FROM THE END OF WORLD WAR II J. through the mid 1970s, the real wages of American workers nearly doubled, moving up in tandem with the growth in productivity. The United States benefited from an implicit social contract: By working hard and contributing to productivity, profits, and economic growth, workers and their families could expect improved living standards, greater job security, and a secure and dignified retirement. This social contract broke down after 1980, as employees lost their bargaining power. Since then, productivity has grown more than 70 percent while real compensation of nonmanagerial workers has remained flat. Wages for the lowest-paid workers have collapsed even more than for average workers.
While conventional explanations for stagnant wages and increased inequality--such as those that emphasize technological changes and increased premium for skills--may be part of the story, they fail to take into account the historical policy and institutional forces that created and sustained the postwar social contract, or to understand what needs to be done to restore it in a way consistent with the needs of today's workforce and economy.
The postwar social contract was grounded in New Deal legislation that established a minimum wage, other wage and hour regulations, and labor laws that allowed workers to build the bargaining power needed to enforce wage-determination norms and principles in negotiating with large corporations. The undermining of this system of regulations, and of union bargaining power, accounts for significant portions of the wage lag.
Despite the convention of a poverty "line," the working poor and the near-poor have much in common. After periodically raising the minimum wage from 1938 through the 1960s as prices rose, Congress and several presidents have allowed the real value of the minimum wage to fall about 25 percent since the late 1960s. Econometric estimates indicate that this alone can account for about a 20 percent decline in real wages for those paid at or slightly above the minimum, and for a 6 percent to 10 percent reduction for those earning twice the minimum wage.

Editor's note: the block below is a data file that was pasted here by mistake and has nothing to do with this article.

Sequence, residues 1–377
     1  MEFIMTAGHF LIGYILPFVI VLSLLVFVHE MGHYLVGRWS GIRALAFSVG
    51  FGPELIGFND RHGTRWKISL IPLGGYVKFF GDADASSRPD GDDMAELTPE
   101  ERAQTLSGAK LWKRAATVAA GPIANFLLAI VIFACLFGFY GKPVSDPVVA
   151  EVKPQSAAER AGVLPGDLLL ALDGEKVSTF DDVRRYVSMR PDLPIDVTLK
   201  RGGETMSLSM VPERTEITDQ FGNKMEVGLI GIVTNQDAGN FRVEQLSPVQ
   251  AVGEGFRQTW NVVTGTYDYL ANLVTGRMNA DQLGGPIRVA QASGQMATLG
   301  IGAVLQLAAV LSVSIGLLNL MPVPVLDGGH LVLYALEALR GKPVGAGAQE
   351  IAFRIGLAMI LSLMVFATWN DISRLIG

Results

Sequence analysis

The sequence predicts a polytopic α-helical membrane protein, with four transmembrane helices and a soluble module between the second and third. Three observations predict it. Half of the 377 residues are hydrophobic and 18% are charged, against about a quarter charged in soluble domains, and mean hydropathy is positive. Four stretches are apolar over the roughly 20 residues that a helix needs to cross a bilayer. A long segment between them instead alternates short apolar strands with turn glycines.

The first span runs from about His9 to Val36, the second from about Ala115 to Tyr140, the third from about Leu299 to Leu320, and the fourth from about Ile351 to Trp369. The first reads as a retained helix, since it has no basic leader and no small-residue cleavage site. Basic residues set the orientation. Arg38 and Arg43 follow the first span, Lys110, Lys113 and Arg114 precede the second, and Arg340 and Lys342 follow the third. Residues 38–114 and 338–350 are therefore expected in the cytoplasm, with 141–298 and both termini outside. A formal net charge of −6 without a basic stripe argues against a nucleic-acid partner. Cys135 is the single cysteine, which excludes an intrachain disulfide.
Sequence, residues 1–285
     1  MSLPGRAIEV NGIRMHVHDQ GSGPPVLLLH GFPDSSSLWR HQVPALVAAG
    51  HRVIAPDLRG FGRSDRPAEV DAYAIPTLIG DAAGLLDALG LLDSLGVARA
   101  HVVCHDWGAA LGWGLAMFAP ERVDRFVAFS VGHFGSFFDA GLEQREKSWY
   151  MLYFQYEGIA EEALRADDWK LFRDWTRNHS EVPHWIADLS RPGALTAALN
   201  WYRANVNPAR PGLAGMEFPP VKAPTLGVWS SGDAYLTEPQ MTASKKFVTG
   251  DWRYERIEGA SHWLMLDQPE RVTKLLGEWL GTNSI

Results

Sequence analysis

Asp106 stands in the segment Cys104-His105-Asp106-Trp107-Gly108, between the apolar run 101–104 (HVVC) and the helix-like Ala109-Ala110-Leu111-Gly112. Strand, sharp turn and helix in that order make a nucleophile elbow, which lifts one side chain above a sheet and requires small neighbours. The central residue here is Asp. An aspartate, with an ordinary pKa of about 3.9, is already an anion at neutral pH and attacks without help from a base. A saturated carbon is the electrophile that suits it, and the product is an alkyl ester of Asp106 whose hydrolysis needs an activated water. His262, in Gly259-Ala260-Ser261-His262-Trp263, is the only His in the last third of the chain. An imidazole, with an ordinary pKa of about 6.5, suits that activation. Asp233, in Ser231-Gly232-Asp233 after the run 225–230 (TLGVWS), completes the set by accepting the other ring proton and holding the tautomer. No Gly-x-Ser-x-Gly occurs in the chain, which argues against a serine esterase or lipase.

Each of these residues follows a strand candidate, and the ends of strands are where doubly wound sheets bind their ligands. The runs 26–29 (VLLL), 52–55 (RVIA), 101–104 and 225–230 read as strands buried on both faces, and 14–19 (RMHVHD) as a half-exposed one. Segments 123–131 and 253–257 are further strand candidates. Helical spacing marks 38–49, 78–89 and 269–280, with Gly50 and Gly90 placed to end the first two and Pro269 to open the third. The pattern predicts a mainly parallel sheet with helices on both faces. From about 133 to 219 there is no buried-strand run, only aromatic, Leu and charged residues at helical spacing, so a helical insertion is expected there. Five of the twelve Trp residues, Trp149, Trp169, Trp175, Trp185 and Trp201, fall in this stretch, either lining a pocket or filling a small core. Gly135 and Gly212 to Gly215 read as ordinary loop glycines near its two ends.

The system of collective bargaining that grew out of the New Deal's National Labor Relations Act and the influence of the War Labor Board during World War II likewise get insufficient credit for their role in creating and sustaining the link between productivity and wages. The War Labor Board used wage comparisons to instill the principle of "equal pay for equal work" within industries and occupations. It encouraged negotiations for health insurance, pensions, and other benefits that eventually became sine qua non for a "good job." By the mid-1970s, union members were about 20 percent more likely to be covered by these benefits than nonunion workers.
In the late 1940s, the United Auto Workers and General Motors negotiated contracts that explicitly linked wage increases to productivity growth (the "annual improvement factor") and to increases in the cost of living. These private-sector wage norms reinforced the underlying social contract. From the mid-1940s through the 1970s, unions led the process of improving wages by producing union wage premiums ranging from 10 percent to 25 percent, with the biggest effects for less-skilled jobs and less-educated workers. Union-negotiated wages and benefits spilled over to affect nonunion workers and managers across the economy. For example, managers surveyed in 1978 by the Conference Board reported that wage and benefit settlements in their largest bargaining units affected up to two and a half times as many employees than unionized workers in their firms, and four times as many employees in their local product or labor markets.
UNIONS HAVE DECLINED FOR SEVERAL mutually reinforcing reasons: deregulation, industrial change, globalization, and increased employer resistance (often abetted by lax government enforcement of the right to organize). …